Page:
The flax stood in bloom. It had pretty little blue flowers, delicate as a moth's wing, and even more delicate. The sun shone on the flax, and the rain clouds moistened it, and this was just as good for it as it is for little children when they are washed, and afterwards get a kiss from their mother; they become much prettier, and so did the flax.
"The people say that I stand uncommonly well," said the flax, "and that I am fine and long, and shall make a capital piece of linen. How happy I am! I'm certainly the happiest of beings! How well I am off! And I may come to something! How the sunshine gladdens, and the rain tastes good, and refreshes me! I'm wonderfully happy; I'm the happiest of beings!"
"Yes, yes, yes," said the stalk; "you don't know the work that we do, for we have knots in us;" and then it creaked out mournfully—"Snip, snap, snurre, bassellurie! The song is done."
"No, it is not done," said the flax; "to-morrow the sun will shine, or the rain will refresh us. I feel that I am growing. I feel that I'm in blossom. I'm the happiest of beings."
But one day the people came, and took the flax by the head, and pulled it up by the roots. That hurt! and it was laid in water, as if they were going to drown it, and then put on the fire, as if it was going to be roasted. It was quite fearful!
"One can't always have good times," said the flax; "one must make one's experiences, and so one gets to know something."
But bad times certainly came. The flax was moistened, and roasted, and broken, and hacked. Yes, it did not even know what the operations were called that they did with it. It was put on the spinning-wheel—whirr, whirr, whirr—it was not possible to collect one's thoughts.
"I have been uncommonly happy," it thought, in all its pain. "One must be content with the good one has enjoyed. Contented, contented! Oh!" And it continued to say that, when it was put into the loom, until it became a large, beautiful piece of linen. All the flax, to the last stalk, was used in making one piece.
"But this is quite remarkable! I should never have believed it! How favorable fortune is to me! The hedge-stalk was well informed, truly, with its 'Snip, snap, snurre, bassellurie!' The song is not done, by any means. Now, it's beginning in earnest. That's quite remarkable. If I've suffered something, I've been made into something. I'm the happiest of all! How strong and fine I am; how white and long. That's something different from being a mere plant. Even if one bears flowers, one is not attended to, and only gets watered when it rains. Now, I am attended to, and cherished. The maid turns me every morning, and I get a shower-bath from the watering-pot every evening. Yes, the clergyman's wife has even made a speech about me, and says I'm the best piece in the whole parish. I cannot be happier."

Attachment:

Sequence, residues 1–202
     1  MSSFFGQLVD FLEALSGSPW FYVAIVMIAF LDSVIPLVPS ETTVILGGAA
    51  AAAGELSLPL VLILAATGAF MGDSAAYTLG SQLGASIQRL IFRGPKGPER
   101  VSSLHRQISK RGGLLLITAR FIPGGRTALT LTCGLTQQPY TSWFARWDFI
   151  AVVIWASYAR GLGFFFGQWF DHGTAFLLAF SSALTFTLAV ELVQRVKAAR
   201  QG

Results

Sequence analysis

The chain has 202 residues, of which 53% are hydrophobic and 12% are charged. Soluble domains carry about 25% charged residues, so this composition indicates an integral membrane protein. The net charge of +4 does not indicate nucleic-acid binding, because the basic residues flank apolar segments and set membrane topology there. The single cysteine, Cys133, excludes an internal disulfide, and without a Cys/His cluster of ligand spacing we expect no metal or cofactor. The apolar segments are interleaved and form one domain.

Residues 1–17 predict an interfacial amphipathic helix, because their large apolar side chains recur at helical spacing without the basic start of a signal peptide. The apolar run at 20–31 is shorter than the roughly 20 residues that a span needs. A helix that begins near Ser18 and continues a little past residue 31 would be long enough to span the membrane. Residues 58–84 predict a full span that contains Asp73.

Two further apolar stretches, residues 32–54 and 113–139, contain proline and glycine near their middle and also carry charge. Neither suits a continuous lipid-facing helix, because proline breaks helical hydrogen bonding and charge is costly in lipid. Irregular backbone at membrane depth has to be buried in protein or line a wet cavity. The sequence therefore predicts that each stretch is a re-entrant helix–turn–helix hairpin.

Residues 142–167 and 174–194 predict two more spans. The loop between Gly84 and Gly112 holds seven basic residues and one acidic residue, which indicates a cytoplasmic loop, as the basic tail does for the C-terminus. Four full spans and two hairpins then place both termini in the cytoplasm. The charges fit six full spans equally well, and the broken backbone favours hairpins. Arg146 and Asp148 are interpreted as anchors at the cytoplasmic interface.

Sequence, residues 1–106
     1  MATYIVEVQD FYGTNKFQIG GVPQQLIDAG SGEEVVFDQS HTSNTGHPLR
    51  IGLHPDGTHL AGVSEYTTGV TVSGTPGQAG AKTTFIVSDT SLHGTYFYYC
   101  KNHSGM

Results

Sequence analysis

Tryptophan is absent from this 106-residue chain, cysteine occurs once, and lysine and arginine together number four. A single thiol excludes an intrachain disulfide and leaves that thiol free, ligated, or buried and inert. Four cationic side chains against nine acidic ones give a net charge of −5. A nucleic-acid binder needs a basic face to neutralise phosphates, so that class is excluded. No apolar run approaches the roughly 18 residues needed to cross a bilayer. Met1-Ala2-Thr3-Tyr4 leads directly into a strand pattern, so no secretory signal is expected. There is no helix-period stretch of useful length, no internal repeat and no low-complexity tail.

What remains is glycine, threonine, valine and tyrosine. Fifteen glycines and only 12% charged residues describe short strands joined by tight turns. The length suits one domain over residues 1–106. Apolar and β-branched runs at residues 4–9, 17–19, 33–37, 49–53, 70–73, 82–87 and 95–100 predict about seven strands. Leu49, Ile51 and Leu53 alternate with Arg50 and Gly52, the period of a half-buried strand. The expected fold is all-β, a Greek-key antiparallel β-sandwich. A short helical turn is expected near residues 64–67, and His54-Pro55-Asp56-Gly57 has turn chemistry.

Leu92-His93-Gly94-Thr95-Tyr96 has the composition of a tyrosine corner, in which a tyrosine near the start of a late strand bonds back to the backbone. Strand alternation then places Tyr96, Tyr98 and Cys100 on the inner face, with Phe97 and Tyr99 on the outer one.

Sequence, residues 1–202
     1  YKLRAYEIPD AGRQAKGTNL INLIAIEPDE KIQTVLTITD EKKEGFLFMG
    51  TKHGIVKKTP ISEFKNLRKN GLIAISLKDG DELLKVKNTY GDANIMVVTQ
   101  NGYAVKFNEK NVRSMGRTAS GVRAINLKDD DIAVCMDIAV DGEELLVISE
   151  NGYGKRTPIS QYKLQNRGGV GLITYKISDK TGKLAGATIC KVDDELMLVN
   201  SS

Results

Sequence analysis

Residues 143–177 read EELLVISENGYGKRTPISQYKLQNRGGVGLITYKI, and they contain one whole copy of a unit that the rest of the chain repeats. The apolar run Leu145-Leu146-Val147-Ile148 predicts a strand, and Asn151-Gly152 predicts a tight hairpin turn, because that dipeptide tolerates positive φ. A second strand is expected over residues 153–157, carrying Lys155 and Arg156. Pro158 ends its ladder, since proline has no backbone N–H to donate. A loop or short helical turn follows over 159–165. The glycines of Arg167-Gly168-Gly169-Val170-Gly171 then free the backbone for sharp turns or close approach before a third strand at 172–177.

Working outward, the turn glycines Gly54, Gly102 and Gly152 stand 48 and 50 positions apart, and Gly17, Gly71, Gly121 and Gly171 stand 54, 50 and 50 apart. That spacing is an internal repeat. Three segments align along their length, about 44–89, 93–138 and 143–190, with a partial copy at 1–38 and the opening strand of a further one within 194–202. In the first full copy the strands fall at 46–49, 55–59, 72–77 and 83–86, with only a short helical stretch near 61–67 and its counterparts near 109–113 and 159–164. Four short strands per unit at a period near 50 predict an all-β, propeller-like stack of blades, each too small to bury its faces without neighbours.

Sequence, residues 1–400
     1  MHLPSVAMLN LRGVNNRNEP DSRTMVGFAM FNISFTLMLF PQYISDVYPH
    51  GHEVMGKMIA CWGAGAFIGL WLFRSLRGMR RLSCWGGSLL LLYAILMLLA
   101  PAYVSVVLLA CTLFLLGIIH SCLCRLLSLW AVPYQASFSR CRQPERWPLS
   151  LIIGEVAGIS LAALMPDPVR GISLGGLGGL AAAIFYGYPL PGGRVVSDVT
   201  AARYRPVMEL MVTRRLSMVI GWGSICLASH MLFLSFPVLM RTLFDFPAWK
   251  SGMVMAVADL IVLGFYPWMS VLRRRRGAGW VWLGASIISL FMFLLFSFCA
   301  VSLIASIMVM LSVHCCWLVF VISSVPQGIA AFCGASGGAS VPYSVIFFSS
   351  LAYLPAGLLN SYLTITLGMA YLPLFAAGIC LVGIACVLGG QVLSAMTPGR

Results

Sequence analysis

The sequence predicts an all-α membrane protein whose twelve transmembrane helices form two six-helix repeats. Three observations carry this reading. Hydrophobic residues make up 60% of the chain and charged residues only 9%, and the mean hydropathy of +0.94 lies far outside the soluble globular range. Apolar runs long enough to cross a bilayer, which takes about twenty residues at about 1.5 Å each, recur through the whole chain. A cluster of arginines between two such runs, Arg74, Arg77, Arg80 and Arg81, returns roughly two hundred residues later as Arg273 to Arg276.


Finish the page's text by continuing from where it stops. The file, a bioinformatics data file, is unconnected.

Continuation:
Now the linen was taken bito the house, and put under the scissors. How they cut it and tore it, and then pricked it with needles. That was not pleasant, but twelve pieces of body linen, (of a kind not often mentioned by name, but indispensable to all people,) were made of it—a whole dozen.
"Just look, now; something has really been made of me. So that was my destiny. That's a real blessing! Now I shall be of some use in the world, and that's right, that's a true pleasure! We've been made into twelve things, yet we're all one and the same; we're just a dozen. How remarkably charming that is!"
Years rolled on, and now they would hold together no longer.
"It must be over, one day," said each piece, "I would gladly have held together a little longer, but one must not expect impossibilities."
They were now torn into pieces and fragments. They thought it was all over, for they were hacked into shreds and softened and boiled. Yes, they themselves did not know all that was done to them, and then they were beautiful white paper.
"Now, that is a surprise, and a glorious surprise," said the paper. "Now I'm finer than before, and I shall be written on."
And really the most beautiful stories and verses were written upon it, and only once there came a blot; that was certainly remarkably good fortune. And the pen heard what was upon it; it was sensible and good, and made people more sensible and better. There was a great blessing in the words that were on this paper.